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When obstetrics–gynecology specialists need to call an ophthalmologist urgently: a case report



We report here a case of a healthy 23-year-old female patient who was assessed at the gynecology emergency department for genital ulcers, fever, and blurred vision. After suspicion of herpes simplex virus-2 lesions, the diagnosis of Behçet’s disease was made. We report this case with the aim of including Behçet’s disease in the differential diagnosis of genital ulcers, and emphasize the emergency of the vision loss that can be irreversible.

Case presentation

A healthy 23-year-old European female patient was assessed by gynecology in the emergency department for genital lesions associated with fever and blurred vision. At first, these lesions were suspected to be primary herpes simplex virus-2 infection One day later, she experienced decreased visual acuity in both eyes. After 4 days of worsening genital ulcers and persistent blurred vision, the patient was referred to the ophthalmology department. Fundoscopic examination showed retinal hemorrhages that were consistent with the first presentation of Behçet’s disease.


This case demonstrates that genital ulcers can be the very initial symptom of this ophthalmologic emergency. The differential diagnosis of genital ulcers is challenging. Behçet’s disease should be included, especially when associated with systemic or ocular manifestations, and should be considered an emergency for the gynecologist to prevent long-term vision loss.

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Behçet’s disease is a rare inflammatory disorder, characterized by vascular injuries and autoimmune dysfunction with multisystemic complications. Recurrent inflammatory attacks targeting oral and genital mucous membranes, eyes, and, less frequently but also gastrointestinal tract, central nervous system, and large vessels require multidisciplinary management [1]. A prompt diagnosis is essential to prevent extremely severe complications such as blindness, which affects 20–25% of patients with Behçet’s disease presenting ocular symptoms [1, 2]. To illustrate the issues of multidisciplinary management of Behçet’s disease, we discuss in this report a rare cause of genital ulcerations associated with visual impairment and generalized symptoms in a young female patient for whom the consequences may have been severe if it had not been recognized and treated early. The patient provided her verbal consent for the publication of this case report and images.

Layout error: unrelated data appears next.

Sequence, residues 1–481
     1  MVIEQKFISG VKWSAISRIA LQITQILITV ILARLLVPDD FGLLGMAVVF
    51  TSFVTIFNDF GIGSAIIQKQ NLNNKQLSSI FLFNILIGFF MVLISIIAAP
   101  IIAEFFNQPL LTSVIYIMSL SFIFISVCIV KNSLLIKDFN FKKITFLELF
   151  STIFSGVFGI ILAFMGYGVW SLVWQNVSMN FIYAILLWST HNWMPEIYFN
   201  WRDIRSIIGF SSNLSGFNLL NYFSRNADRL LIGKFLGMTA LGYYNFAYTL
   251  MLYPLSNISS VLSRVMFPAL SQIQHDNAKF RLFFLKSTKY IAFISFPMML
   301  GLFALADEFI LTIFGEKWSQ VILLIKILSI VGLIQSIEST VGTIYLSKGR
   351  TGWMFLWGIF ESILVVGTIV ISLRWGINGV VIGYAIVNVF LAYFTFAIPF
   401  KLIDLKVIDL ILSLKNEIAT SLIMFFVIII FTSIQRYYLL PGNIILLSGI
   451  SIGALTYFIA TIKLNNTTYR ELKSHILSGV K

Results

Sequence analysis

Case description

A healthy 23-year-old Western-European female patient consulted the gynecological emergency service for vulvar pain and edema with small vulvar lesions, associated with febrile episodes up to 39.5 °C. All symptoms appeared the day prior to presentation, starting with vulvar swelling. Family history revealed no similar symptoms, sexual history was unremarkable, and no recent travel was reported. Clinical examination showed diffuse vulvar erythema and edema with several small slightly erosive papules, and one small (< 1 cm) painless inguinal lymph node. Based on the clinical examination and the patient’s symptoms, a diagnosis of primary herpes simplex virus-2 (HSV-2) infection was suspected. Polymerase chain reaction (PCR) swab of the genital ulcerative lesions was performed, and the patient was discharged with antiviral treatment (valaciclovir) and nonsteroidal antiinflammatory pain medications.

One day later, she consulted the general emergency department complaining of blurred vision in both eyes, headache, persistent genital lesions, lumbar pain, and recurrent fever (39 °C). Neurological examination was normal, with the exception of bilateral decreased visual acuity. The presence of retinal hemorrhages was suspected. C-reactive protein (CRP) was 204 mg/L and leukocytes 13.9 G/L. Repetitive hemocultures, white blood cell count, protein PCR and culture of cerebrospinal fluid from a lumbar puncture, PCR samples of vulvar lesions (HSV, chlamydia, and gonococcus), and serology results (Epstein-Barr virus (EBV, syphilis, Human Immunodeficiency Virus HIV)) were all negative. Given the suspicion of retinal lesions, the patient was advised to rapidly consult an ophthalmologist. As blurred vision can be a possible side effect of valaciclovir, the antiviral treatment was switched to acyclovir, and the patient was discharged.

Four days after initial symptoms, due to ongoing worsening of the genital lesions that had progressed to multiple painful ulcerations (Fig. 1) and were accompanied by dysuria, urinary retention, and persistent blurred vision, the patient consulted the gynecological emergency service. She had not consulted an ophthalmologist in the meantime. The lesions had progressed from papules to deep ulcerations with scabs (Fig. 1). The course of the symptoms is presented in Table 1.

Fig. 1
figure 1

Multiple painful ulcerative vulvar lesions

Table 1 Timeline of the episodes of care

Diagnostic assessment, details on the therapeutic intervention, follow-up, and outcomes